Vocabulary appears on the screen and is played aloud as the student types the corresponding keys, combining sensory input to help language stick. Bite-sized modules allow users to repeat material as needed and learn at their own pace, building momentum and gaining in confidence as they go. Touch-typing is also one of the most recommended accommodations for students with dyslexia as it harnesses muscle memory in the fingers to help with spelling and can make it easier and faster for an individual with dyslexia to express him or herself in writing.

Learn more about touch-typing for dyslexics.

Help for older learners

Older students and adults with dyslexia may have developed coping strategies to help them get by at school. Nonetheless, they can still hide a secret shame or embarrassment when reading and writing are concerned. Some teenagers with untreated dyslexia leave school early and may choose a career path that doesn’t require reliance on literacy skills.

Nonetheless, adults with undiagnosed dyslexia can suffer from depression and a lack of confidence that causes them to miss out on career advancement or further education opportunities. Learn more about how to get help in this article on undiagnosed learning difficulties.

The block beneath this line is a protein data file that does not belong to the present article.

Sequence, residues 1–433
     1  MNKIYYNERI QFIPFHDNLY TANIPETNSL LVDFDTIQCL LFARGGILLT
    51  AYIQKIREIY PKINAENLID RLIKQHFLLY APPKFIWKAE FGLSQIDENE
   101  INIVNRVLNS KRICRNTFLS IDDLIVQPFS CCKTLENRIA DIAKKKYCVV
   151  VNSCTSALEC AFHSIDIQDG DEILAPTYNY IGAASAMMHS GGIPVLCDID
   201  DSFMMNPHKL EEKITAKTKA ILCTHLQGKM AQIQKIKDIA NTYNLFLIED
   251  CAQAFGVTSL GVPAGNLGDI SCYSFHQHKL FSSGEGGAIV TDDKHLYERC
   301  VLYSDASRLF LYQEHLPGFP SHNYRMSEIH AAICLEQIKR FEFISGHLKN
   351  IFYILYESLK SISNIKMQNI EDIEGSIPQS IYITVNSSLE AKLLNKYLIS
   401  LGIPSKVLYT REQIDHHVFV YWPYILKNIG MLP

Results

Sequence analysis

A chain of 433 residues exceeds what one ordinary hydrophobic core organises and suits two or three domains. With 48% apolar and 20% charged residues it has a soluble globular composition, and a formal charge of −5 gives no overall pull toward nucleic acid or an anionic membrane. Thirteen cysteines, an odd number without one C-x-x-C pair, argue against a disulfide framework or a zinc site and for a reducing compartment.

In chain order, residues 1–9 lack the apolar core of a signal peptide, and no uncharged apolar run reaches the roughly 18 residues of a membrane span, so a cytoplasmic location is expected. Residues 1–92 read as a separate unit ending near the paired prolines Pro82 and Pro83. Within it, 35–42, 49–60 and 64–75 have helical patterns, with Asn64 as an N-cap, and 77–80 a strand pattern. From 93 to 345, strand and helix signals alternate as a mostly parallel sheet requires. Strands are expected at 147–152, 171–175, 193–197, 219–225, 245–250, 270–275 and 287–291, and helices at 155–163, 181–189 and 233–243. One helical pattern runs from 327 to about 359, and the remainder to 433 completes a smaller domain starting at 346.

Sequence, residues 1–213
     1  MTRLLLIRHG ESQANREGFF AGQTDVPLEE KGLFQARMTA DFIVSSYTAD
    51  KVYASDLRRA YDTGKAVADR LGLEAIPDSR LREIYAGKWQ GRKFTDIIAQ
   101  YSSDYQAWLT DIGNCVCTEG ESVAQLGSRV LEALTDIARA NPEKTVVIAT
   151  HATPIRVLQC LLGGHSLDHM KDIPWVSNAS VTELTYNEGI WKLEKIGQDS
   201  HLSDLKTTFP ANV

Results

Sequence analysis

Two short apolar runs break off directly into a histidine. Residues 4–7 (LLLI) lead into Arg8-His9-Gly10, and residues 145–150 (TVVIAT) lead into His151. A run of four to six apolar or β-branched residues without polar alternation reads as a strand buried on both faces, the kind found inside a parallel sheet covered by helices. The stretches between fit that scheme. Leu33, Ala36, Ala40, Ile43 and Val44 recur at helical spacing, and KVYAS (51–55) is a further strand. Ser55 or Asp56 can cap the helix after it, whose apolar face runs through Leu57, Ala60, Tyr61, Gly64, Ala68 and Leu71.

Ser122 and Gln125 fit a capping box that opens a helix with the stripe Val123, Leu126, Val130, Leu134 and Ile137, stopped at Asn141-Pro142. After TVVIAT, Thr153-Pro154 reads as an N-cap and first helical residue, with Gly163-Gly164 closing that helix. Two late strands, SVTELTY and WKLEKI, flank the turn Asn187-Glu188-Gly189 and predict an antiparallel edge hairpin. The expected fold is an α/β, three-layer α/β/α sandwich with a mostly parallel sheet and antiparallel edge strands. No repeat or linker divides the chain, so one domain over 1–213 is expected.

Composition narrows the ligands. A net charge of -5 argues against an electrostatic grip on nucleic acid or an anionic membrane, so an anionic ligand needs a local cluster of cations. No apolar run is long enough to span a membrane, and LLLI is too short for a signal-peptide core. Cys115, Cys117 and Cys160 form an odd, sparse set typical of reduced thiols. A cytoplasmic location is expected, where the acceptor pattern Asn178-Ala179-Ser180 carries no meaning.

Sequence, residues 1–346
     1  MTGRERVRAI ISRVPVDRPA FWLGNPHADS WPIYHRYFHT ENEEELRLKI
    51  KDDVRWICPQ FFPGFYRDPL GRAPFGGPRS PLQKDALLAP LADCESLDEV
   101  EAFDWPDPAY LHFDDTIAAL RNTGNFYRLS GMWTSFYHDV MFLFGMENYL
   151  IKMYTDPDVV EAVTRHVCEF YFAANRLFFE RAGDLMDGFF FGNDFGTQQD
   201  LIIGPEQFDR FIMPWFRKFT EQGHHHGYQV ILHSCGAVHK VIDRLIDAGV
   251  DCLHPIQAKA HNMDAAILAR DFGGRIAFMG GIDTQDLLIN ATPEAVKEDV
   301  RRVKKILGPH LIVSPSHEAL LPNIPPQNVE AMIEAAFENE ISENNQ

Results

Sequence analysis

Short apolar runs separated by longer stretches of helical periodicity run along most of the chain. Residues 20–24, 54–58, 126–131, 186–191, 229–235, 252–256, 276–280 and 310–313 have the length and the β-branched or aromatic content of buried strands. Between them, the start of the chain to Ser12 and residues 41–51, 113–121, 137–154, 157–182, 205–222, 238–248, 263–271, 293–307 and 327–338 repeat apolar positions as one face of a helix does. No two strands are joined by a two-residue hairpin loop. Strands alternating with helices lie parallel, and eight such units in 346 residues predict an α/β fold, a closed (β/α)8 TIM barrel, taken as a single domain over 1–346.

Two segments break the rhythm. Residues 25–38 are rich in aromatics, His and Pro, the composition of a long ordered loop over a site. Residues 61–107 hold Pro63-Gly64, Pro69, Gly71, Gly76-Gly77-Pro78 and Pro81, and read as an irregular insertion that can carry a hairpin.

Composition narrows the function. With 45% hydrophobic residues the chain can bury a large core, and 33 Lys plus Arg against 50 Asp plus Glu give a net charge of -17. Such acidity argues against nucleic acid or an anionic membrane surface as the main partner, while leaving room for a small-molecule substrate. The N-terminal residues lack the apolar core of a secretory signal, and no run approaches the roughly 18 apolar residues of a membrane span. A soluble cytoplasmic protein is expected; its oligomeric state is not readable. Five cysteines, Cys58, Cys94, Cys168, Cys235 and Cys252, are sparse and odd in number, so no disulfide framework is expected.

Amylee, Parent of a middle-school student struggling with spelling

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For learners who struggle with dyslexia

TTRS is a program designed to get children and adults with dyslexia touch-typing, with additional support for reading and spelling.

About the Author 

Meredith Cicerchia

Meredith Cicerchia is a freelance writer who covers topics ranging from speech and language difficulties and specific learning differences, to strategies for teaching English as a second and additional language. She is also an education consultant, an applied linguistics researcher and a former teaching affiliate at the University of Nottingham.
Reviewed by 

Chris Freeman

Chris Freeman has a BA cum laude in Sociology, and has undertaken post grad work in education and educational technology. She spent 20+ years working in public health and in the charity sector.